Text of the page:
There is no evidence at this time that ‘blood’ gold from Venezuela is making its way to Guyana.
While for the first half, declarations are up, there are just no such indications, says Minister of Natural Resources, Raphael Trotman.
The Minister was being questioned Thursday at the Arthur Chung Convention Centre during a review of the Ministry’s performance for the first half.
In the past days, a report by CNN suggested significant gold being siphoned off and sold overseas.
With trade still ongoing between the two countries and significant number of Venezuelan migrants fleeing to Guyana, there have been questions.
According to the Ministry of Finance’s half-year report on the country’s performance, the gold mining subsector is estimated to have expanded by 4.4 percent at the end of the first half of 2019, to reach 300,674 ounces.
“Further growth was curtailed by a shortfall in production by one of the large mining companies whose access to higher grade ore has been restricted as a result of a wall pit failure in 2018. Production by the other large company, in the first half of 2019, exceeded the previous year’s production by 10.1 percent, but fell short of the budgeted amount.”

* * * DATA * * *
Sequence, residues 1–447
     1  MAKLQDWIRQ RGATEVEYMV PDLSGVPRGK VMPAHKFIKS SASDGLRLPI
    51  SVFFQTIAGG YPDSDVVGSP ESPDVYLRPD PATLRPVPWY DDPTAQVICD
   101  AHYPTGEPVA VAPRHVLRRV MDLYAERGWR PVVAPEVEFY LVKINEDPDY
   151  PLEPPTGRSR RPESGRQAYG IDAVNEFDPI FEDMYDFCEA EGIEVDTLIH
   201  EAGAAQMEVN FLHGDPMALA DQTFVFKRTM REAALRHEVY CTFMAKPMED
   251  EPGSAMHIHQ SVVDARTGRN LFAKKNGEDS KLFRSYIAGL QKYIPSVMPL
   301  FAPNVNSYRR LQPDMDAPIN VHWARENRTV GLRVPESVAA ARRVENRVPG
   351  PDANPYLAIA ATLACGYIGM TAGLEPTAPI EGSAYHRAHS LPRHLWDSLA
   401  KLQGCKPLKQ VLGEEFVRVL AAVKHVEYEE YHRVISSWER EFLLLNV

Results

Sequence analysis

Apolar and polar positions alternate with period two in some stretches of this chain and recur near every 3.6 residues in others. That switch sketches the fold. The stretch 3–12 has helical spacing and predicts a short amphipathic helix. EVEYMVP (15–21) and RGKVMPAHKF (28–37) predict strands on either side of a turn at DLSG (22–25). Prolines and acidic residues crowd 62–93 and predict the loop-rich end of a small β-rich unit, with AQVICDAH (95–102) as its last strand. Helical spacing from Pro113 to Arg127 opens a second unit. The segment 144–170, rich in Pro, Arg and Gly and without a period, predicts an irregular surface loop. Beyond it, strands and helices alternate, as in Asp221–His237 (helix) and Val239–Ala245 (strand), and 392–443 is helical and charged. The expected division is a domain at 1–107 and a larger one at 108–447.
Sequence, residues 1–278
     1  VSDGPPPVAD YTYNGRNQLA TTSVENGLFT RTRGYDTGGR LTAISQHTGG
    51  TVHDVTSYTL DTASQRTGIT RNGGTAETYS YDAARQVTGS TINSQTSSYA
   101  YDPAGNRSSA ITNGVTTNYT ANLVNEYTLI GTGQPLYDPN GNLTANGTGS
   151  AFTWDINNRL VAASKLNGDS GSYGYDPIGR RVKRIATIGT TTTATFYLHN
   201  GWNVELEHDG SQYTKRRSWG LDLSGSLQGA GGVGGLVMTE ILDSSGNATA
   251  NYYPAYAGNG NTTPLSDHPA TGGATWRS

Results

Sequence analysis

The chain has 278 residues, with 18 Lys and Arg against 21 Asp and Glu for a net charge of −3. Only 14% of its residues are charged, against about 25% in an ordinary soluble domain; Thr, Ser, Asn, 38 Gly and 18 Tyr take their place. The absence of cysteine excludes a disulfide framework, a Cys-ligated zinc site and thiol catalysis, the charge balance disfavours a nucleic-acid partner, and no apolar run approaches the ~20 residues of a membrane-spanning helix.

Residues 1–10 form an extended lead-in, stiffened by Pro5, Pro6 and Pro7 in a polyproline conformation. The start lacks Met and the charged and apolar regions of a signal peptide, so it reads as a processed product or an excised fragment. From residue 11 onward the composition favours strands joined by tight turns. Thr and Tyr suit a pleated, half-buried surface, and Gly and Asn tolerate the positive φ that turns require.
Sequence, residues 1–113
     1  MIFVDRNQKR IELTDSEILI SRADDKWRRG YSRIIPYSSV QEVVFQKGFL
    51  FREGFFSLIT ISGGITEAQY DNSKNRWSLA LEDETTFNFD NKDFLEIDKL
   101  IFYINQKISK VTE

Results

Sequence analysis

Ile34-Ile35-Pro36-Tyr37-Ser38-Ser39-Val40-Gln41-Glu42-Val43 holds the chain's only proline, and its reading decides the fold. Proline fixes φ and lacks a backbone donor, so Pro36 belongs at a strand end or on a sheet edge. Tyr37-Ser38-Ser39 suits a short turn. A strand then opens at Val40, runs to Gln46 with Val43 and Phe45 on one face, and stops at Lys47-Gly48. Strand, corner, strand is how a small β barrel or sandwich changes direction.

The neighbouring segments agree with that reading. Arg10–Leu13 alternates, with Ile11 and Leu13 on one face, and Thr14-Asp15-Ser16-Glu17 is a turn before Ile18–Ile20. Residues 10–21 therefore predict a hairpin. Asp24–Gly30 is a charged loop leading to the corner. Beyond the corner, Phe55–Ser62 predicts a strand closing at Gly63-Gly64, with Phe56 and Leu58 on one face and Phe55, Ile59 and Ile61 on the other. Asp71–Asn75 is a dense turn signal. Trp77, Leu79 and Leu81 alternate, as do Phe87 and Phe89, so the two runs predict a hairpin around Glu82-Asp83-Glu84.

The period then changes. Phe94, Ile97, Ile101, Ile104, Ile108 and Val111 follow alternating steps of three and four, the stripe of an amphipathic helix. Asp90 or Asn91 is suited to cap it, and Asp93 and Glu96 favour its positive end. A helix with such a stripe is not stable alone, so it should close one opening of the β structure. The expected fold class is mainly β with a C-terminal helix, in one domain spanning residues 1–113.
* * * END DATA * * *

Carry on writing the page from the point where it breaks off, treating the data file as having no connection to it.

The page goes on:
The report would have been referring to the Canadian-owned AGM Inc., which operates a large-scale camp in Cuyuni, Region 7.
Government is anticipating that activities in the second half of the year, which include underground exploration, could reverse the shortfall.
“The industry’s half-year performance also benefitted from a 15.8 percent increase in declarations from small and medium scale miners, who accounted for more than 60 percent of declarations in the reporting period.”
According to the report, miners responded positively to improved road and weather conditions earlier in the year, while the surge in declarations in the second quarter was largely in response to more favourable international prices.
“This momentum in production is expected to continue into the second half of the year and push annual growth in the subsector to 3.2 percent, greater than the 2.5 percent projected at the time of Budget 2019.”
As of yesterday, world gold prices were just under US$1,530 per ounce.
Venezuela’s porous border with Brazil and Colombia has become the main avenue through which the gold leaves the country.
According to CNN, Venezuela’s gold trail leads all the way up from the jungle to Venezuela’s Central Bank.
“Surrounded by government buildings, it is here where the country’s golden fortune has been amassed. According to a source inside the bank, around 70 tonnes of the valuable mineral remain inside its coffers, the lowest amount in decades,” the report said.
“Forced to provide some relief for a population starving under a crumbling economy, crippled further by US sanctions, which have made trade increasingly difficult, (President Nicolas) Maduro saw in gold the commodity that oil could no longer be increasingly prized, historically stable in value and considerably easier to ship around the world. Gold would allow the regime to suppress some of the country’s needs while allegedly enriching Maduro and winning the military’s favour.”
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